The Blue Hour
by Anthony Botti

arrives. The late light turning
on me draws the day closer, the east
meadow beyond a grove of birches, some animal
stirring at the edge of sight. Peering out.¬

Let it happen—release, release—like the wind
riffling through the trembling ferns after two days
of rain. In places only whispering birds fly to, everything
collapses into green shadows, my eyes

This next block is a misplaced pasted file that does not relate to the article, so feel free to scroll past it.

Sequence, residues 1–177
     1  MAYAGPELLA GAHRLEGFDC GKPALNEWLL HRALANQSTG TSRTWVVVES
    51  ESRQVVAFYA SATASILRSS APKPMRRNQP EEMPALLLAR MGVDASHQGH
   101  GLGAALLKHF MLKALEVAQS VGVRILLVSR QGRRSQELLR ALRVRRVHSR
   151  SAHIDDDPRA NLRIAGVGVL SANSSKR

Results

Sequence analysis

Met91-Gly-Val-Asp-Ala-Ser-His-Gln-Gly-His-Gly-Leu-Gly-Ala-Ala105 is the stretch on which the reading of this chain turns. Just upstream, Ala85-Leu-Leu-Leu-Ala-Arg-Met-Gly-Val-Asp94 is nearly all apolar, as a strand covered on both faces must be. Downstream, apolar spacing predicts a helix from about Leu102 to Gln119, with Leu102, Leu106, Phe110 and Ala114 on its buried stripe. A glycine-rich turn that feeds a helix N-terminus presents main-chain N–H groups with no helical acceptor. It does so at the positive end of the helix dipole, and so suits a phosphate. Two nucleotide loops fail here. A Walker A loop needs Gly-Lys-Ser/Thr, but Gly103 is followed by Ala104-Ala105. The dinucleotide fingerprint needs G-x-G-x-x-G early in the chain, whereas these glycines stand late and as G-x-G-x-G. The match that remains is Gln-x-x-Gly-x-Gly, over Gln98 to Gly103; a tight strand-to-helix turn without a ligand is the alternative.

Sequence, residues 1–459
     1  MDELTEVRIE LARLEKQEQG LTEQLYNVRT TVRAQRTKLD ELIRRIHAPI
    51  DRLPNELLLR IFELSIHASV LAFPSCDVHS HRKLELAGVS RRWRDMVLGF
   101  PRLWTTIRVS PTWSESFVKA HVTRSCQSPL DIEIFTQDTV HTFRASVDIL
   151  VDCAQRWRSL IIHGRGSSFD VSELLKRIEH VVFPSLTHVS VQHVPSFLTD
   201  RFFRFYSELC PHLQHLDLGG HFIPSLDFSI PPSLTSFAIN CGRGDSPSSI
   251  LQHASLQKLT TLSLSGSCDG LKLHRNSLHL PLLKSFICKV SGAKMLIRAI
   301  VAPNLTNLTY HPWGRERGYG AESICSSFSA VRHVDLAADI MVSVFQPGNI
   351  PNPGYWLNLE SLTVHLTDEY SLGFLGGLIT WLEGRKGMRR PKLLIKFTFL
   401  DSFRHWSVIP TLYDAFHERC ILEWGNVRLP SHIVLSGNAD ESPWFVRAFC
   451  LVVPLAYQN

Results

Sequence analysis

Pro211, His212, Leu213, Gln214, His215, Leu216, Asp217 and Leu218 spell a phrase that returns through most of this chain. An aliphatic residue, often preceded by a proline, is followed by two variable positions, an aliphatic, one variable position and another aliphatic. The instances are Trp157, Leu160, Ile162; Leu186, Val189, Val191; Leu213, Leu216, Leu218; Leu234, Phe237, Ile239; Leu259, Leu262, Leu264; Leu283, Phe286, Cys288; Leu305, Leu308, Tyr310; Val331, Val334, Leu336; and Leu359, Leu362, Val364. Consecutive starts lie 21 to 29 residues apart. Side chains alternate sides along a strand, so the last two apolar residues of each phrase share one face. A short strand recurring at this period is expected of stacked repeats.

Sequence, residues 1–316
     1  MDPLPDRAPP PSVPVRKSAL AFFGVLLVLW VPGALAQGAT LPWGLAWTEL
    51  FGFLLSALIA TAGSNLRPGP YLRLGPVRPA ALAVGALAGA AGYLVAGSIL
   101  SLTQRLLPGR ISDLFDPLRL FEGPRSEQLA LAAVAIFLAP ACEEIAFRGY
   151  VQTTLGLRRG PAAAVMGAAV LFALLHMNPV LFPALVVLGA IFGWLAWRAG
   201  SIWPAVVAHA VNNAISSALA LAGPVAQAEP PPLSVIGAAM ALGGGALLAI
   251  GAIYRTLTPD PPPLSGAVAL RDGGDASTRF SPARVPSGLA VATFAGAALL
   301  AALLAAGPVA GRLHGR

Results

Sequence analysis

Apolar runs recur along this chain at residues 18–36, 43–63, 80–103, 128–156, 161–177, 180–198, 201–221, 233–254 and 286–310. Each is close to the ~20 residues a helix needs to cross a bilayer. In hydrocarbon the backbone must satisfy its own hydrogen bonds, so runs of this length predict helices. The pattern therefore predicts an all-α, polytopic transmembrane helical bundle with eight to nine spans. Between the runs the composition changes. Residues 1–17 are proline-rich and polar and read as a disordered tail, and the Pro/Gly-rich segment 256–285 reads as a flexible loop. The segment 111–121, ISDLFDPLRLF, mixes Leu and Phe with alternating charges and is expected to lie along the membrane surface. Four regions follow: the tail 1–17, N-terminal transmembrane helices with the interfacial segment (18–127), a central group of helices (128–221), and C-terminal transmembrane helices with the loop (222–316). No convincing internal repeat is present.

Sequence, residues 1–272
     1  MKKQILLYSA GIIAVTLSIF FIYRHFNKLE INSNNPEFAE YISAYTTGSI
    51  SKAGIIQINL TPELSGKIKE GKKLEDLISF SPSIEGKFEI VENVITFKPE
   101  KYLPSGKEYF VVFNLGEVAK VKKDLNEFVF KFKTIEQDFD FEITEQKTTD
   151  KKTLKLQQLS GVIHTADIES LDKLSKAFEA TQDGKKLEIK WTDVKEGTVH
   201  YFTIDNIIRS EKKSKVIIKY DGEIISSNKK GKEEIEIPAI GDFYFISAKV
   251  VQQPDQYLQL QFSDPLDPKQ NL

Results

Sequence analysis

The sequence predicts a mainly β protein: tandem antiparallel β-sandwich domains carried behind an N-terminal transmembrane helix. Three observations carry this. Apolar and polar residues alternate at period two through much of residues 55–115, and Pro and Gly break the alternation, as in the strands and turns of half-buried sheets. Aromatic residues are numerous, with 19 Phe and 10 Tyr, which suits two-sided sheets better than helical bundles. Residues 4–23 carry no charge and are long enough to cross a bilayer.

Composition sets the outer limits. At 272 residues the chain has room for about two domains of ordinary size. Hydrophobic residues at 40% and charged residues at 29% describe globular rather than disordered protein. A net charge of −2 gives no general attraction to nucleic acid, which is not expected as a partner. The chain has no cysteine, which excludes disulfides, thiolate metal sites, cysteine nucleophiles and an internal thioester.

adjusting to the faceless dark.
I remember a time being afraid
of it even when I was most hidden. Now it feels safe,
the way the perfect dark lets it all pass
without comment, marking each thing.
What I wanted earlier
out of this day stalled under the furious summer sun,
my stubborn seeing only one thing at a time. Everything
in the growing blackness declares itself, unlocking the night

Something looks back from the flickering trees,
knows me for who I am.

Published in Cider Press Review, Volume 17, Issue 1.

Anthony Botti lives and writes in Boston, MA.

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